FIG. 6b shows a timing diagram 690 related to the programming of storage device 253 in accordance with an embodiment of the present invention. In this example, WRITE_FUSE_1 601 is pulsed to a “high” voltage to create an “open” on fuse 604. WRITE_FUSE_L 651 remains at a “low” voltage to leave fuse 604 intact. PRECHARGE 603 pulses “high” to pull FUSE_OUT_1 609 and FUSE_OUT_L 659 to a “low” voltage. READ_FUSE 605 pulses “high” to read the state of the fuses 604 and 654. Because fuse 604 is “open,” FUSE_OUT_1 609 remains at a “low” voltage. Because fuse 654 is intact, or “shorted,” FUSE_OUT_L 659 is pulled “high.”

Because the fuses 604 and 654 have been programmed and read, FUSE_OUT_1 609 and FUSE_OUT_L 659 maintain the programmed control information. The state of the fuses 604 and 654 may be read at any time by observing the voltage level on FUSE_OUT_1 609 and FUSE_OUT_L 659. Also, the state of the fuses 604 and 654 may be read by repeating the precharge and read cycles. Using multiple fuses and related circuitry, a binary word may represent the stored control information.

One of ordinary skill in the art will appreciate that the electrically programmed fuses are but one method to store information. Those skilled in the art will appreciate that the storage device 253 may contain a wide variety of types of storage elements including, but not limited to, an electrically programmed fuse, an electrically programmed read only memory (EPROM), an electrically erasable read only memory, a one time programmable memory, a flash memory, a laser programmed fuse, and a laser programmed anti-fuse.

FIG. 7 shows an exemplary adjustment circuit 310 in accordance with an embodiment of the present invention. Those skilled in the art will understand that the adjustment circuit 310 shown in FIG. 7 is representative of the adjustment circuits 242 and 244 shown in FIG. 4.

In FIG. 7, the adjustment circuit 317 includes p-channel transistors 302, 306, and 310 arranged in parallel with each other. The p-channel transistors 302, 306, and 310 connect between a power supply, Vdd, and a common node, Vcx 298. Those skilled in the art will note that the common node Vcx 298 corresponds to Vcn 246 and Vcp 248 in FIG. 4. Still referring to FIG. 7, the adjustment circuit 317 also includes n-channel transistors 304, 308, and 312 arranged in parallel with each other. The n-channel transistors 304, 308, and 312 connect between ground, Vss, and the common node 298. The p-channel transistors 302, 306, and 310 are controlled by control signals EN_P0 301, EN_P1 305, and EN_PN 309, respectively. The n-channel transistors 304, 308, and 312 are controlled by control signals EN_N0 303, EN_N1 307, and EN_NN 311, respectively. A low voltage on any of the EN_P signals 301, 305, and 309 will turn ‘on’ their respective p-channel transistors 302, 306, and 310. A high voltage on any of the EN_N signals 303, 307, and 311 will turn ‘on’ their respective n-channel transistors 304, 308, and 312.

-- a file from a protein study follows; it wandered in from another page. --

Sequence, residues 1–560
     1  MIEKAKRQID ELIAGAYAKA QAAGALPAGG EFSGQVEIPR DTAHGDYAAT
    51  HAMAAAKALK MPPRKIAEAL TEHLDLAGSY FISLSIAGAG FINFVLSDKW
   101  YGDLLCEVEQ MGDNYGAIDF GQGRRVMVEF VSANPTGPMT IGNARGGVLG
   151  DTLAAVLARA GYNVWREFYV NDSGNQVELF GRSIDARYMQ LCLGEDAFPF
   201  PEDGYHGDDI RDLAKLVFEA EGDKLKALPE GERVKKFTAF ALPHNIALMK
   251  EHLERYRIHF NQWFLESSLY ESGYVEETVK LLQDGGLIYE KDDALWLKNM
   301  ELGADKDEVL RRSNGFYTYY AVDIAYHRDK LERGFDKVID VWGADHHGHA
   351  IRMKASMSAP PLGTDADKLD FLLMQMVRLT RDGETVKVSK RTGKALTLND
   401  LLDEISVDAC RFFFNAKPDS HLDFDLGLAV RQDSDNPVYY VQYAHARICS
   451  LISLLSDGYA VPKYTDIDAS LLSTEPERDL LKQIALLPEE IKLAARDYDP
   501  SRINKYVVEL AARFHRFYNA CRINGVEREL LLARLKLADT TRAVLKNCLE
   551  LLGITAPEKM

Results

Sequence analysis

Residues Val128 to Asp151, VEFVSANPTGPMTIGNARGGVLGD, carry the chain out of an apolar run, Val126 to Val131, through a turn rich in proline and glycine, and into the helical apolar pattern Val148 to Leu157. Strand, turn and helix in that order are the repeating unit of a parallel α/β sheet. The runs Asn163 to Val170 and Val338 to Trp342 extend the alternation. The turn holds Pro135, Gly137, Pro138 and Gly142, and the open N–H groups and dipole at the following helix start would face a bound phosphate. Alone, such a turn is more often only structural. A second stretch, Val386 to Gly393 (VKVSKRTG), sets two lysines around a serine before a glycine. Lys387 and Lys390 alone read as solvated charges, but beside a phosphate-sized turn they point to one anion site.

Any p-channel transistor 302, 306, and 310 that is ‘on’ will have a tendency to increase the voltage on Vcx 298 toward Vdd. Any n-channel transistor 304, 308, and 312 that is ‘on’ will have a tendency to lower the voltage on Vcx 298 toward Vss. By selecting which p-channel transistors 302, 306, and 310 and/or n-channel transistors 304, 308, and 312 are ‘on,’ a change in the voltage on Vcx 298 may be achieved.

Those with ordinary skill in the art will appreciate that the p-channel transistors 302, 306, and 310 and n-channel transistors 304, 308, and 312 may be turned ‘on’ individually or as a group. The p-channel transistors 302, 306, and 310 and n-channel transistors 304, 308, and 312 may be sized so that each transistor has a different effect compared to the other transistors, e.g., a transistor's gate width may be varied to adjust the strength of the transistor. The gate widths may be designed to provide a linear, exponential, or other function as more transistors are turned ‘on.’ The p-channel transistors 302, 306, and 310 and n-channel transistors 304, 308, and 312 may be sized so that each transistor has an inherently resistive nature, e.g., a transistor's gate length may be increased (‘long-channel’ transistors) to increase the inherent resistance of the transistor. A larger inherent resistance may be advantageous if both a p-channel transistor and a n-channel transistor are ‘on’ simultaneously. Those skilled in the art will appreciate that in other embodiments, the adjustment circuit 317 may include only one p-channel transistor and one n-channel transistor connected in series.